20 October 16, the Bavarian State Office for Data Security Supervision (Bayerische Landesamt für Datenschutzaufsicht (BayLDA)) fined a company because of the combination of the roles of Data Protection Officer (DPO) and IT Manager that results in a conflict of interest.
Under German law, companies that process personal data are legally obligated to appoint an intern or an extern DPO if at least ten employees are involved in the automated processing of personal data. The role of the internal DPO cannot be exercised by a person who has tasks in the company, which are in a relationship of tension with the independent, effective internal supervision of data protection.
This week marks a very special anniversary; last year, on the 6th of October, Max Schrems blew up the Safe Harbour Framework. It was the bitter end of the much contested instrument that allowed organizations to send personal data over to the US. The cause of its demise? Well, it was the whistle blown on mass surveillance programmes run by US authorities of course. After all, what would be the point of awarding our personal data with such a high level of protection, if a foreign government freely snoops around in our most private of affairs?
However, the valiant protection of our privacy did not come without a cost. It shouldn’t surprise anyone that international data traffic has become big business. Every second tens of thousands of gigabytes are sent on their way to support economic activities worth hundreds of billions of euro’s (or dollars, depending on which side of the pond you’re on). Think about the countless online purchases made each day, the cloud services we’ve come to embrace or just plain old email communication. Now imagine how cumbersome these services become if, all of a sudden, personal data such as names and (physical or email) adresses are not allowed to enter the US.
That was the case until about two months ago. Since the first of August, US organizations are able to self-certify once again. This time, the EU-US Privacy Shield ought to make data traffic economically viable, while keeping our privacy intact. But, the question needs to be asked: is this brand new framework worth its salt?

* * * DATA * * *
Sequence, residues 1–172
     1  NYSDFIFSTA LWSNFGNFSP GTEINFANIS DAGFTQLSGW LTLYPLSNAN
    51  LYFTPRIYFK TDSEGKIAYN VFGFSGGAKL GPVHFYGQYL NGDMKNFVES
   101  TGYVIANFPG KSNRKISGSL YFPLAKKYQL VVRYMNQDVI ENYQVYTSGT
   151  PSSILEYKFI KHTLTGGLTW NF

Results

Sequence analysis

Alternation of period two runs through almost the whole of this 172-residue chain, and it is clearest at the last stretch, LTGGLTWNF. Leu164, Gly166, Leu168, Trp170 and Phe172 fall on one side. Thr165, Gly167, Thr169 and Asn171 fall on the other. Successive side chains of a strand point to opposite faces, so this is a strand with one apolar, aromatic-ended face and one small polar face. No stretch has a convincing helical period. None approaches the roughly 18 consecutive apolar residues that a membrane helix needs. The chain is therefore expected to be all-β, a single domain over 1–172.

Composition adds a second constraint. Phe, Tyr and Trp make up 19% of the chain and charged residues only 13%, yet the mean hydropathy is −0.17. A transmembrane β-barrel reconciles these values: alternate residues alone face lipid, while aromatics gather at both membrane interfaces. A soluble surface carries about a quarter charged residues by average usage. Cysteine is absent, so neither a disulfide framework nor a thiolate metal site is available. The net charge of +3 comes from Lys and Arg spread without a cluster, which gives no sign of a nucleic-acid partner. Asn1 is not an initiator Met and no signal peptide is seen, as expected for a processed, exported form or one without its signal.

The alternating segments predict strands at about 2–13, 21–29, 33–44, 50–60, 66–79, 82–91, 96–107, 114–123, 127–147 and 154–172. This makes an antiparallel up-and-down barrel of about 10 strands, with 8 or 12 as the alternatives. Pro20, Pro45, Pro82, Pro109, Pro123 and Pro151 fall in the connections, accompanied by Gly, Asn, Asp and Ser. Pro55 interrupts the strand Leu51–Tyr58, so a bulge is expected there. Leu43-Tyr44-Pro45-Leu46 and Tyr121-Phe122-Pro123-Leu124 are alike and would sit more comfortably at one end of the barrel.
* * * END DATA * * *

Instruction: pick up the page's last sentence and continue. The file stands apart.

The Working Party 29, for one, has already expressed its doubts (for the second time since April). The Party, which combines all of Europe’s privacy watchdogs, acknowledged the improvements compared to Safe Harbor. Nevertheless, it has also indicated a few vulnerabilities that may put the Shield on shaky ground:
- The Party regrets that the rules concerning automated decision making and the general right to object have not survived negotiations.
- It remains unclear how the Shield will apply to data processors, a particularly important point because of the greater emphasis on the processor’s responsibility in the GDPR.
- The Shield grants little assurance that government surveillance will not take place as before.
- The Party questions the independence of the Ombudsperson who whill be appointed by the American government to follow up on complaints of EU individuals.
It is unfortunate that the framework designed to provide a solution for international data traffic is still riddled with uncertainty. Organizations might be hesitant to commit to a system that does not put them on solid ground. It is advisable that these organizations look into alternative means, such as Binding Corporate Rules or Standard Contractual Clauses, in order to strengthen their position.
For the time being, the Working Party will let events run their course. In one year’s time, however, the Privacy Shield will be up for review and we’ll hopefully get a better view on what works and what doesn’t. In particular, the Working Party will take a look at access by public authorities, based on all the information they deem necessary. Nevertheless, in the meantime the Privacy Shield is open to legal challenges and it is by no means unthinkable that the European Court of Justice will strike as it has done before.